The PlayStation 4 Pro is out, bringing 4K gaming to the masses. Ok, sure, most of the games that have been patched to work with the newer, more powerful console don’t actually render in native 4K, but they utilise some clever upscaling that look very nearly as good. It’s a relatively mild upgrade overall, but if you own a 4K TV or are buying a PlayStation 4 for the first time, it’s very definitely the PlayStation 4 to buy.
Later this year, we should be seeing Microsoft’s answer to the PlayStation 4 Pro, by way of their upgraded Xbox. Currently codenamed Scorpio, Microsoft suggests that their new console will house 4.5 times the GPU processing power of the current Xbox One.
A post-E3 design whitepaper from Microsoft has made its way to Eurogamer’s Digital Foundry, and it’s revealed a little more about Microsoft’s upcoming console. Called “Reaching 4K and GPU Scaling Across Multiple Xbox Devices,” it details some of the Scorpio’s target hardware a little more thoroughly than the information we’ve seen so far.
One of the most interesting things about the Scorpio, is that it’ll be dropping the superfast eSRAM utilised in the current Xbox One. The PlayStation uses faster DDR4 memory, while the Xbox One uses slower DDR3, but it coupled with 32MB of incredibly fast ESRAM on board to make up the deficit, and act as a framebuffer. It’s one of the Xbox One’s weaknesses – and had the system shipped with twice the ESRAM, it would have been more able to compete with the PlayStation in the memory bandwidth department.
The Scorpio drops the ESRAM altogether, presumably shifting towards DDR5 to reach the 320GB/s stated memory throughput. That’s great news for gamers, but not especially good news for developers. Why? Because of Microsoft’s plan for the Scorpio to have no exclusives and have every game for the system playable on the older Xbox One hardware, developers will still have to tune their games to use ESRAM. It’s likely that games will have to be made to use different codepaths depending on which version of the Xbox One they’re running on.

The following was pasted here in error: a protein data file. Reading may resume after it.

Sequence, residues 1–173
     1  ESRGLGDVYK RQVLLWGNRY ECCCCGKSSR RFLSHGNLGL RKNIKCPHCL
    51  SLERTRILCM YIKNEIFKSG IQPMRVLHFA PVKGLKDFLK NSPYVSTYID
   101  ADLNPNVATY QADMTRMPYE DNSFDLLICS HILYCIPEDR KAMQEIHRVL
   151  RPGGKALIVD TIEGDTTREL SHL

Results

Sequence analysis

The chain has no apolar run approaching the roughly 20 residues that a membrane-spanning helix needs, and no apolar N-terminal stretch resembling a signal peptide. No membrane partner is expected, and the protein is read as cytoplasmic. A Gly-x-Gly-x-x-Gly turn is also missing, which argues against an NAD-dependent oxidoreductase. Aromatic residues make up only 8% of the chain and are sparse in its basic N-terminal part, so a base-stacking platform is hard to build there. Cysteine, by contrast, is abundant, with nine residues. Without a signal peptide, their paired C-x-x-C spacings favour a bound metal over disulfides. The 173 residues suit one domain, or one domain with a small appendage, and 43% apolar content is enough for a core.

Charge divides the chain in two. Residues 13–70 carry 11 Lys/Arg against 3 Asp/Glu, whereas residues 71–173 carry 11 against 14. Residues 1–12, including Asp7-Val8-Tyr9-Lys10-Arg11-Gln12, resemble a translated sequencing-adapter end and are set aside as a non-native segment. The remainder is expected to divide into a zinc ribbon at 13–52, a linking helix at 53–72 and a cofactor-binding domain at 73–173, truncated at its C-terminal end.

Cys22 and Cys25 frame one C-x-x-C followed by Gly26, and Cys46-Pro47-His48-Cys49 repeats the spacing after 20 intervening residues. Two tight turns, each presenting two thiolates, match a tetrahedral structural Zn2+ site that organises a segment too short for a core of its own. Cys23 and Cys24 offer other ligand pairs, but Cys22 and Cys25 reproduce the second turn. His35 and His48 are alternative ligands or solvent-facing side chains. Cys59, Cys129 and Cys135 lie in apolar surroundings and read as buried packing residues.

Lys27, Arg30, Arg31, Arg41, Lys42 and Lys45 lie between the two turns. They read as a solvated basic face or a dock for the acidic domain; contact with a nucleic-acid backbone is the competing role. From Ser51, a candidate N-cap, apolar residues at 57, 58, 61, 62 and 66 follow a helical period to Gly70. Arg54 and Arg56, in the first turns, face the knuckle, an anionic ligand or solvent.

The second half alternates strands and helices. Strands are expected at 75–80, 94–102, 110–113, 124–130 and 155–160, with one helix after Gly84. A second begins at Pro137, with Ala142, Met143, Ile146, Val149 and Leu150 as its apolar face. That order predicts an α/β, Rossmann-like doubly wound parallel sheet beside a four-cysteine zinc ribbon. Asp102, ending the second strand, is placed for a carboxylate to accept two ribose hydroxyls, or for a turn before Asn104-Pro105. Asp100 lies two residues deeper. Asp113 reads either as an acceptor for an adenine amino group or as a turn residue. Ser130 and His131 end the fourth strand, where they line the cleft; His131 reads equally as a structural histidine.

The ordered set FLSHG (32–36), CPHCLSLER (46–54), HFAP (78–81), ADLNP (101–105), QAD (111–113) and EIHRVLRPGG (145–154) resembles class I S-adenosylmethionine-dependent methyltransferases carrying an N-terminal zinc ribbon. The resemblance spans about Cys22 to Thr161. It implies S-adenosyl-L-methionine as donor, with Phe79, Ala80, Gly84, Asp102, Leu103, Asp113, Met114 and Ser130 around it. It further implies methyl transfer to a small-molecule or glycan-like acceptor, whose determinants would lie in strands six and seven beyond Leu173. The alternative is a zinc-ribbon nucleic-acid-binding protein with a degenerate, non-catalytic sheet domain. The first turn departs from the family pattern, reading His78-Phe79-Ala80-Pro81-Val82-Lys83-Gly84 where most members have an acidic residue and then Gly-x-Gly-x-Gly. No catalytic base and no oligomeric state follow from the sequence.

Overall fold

“ESRAM remains essential to achieving high performance on both Xbox One and Xbox One S,” the whitepaper says. “However, Project Scorpio and PC are not provided with ESRAM. Because developers are not allowed to ship a Project Scorpio-only SKU, optimising for ESRAM remains critical to performance on Microsoft platforms.”
The whitepaper also says that the Scorpio has four times the L2 cache found on the Xbox One – which all seems to point to it being based on AMD’s Polaris. Should Microsoft be able to customise its GPU in the way that Sony has with the PS 4 Pro, it may sit somewhere between Polaris and Vega. It doesn’t, however, seem to be using AMD’s ZEN CPUs (though some information out of CES this year means things may have changed since).
What is interesting is that the whitepaper talks of technologies involving half-rendering and spare rendering. The latter is essentially no different to the PlayStation 4 Pro’s Checkerboard rendering, which suggests that the Scorpio will, in at least some instances, be a Faux 4K machine like the Pro.
There’s a lot more in Eurogamer’s deep dive – and if you’re interested in the tech behind the impending Xbox One, it’s well worth a look.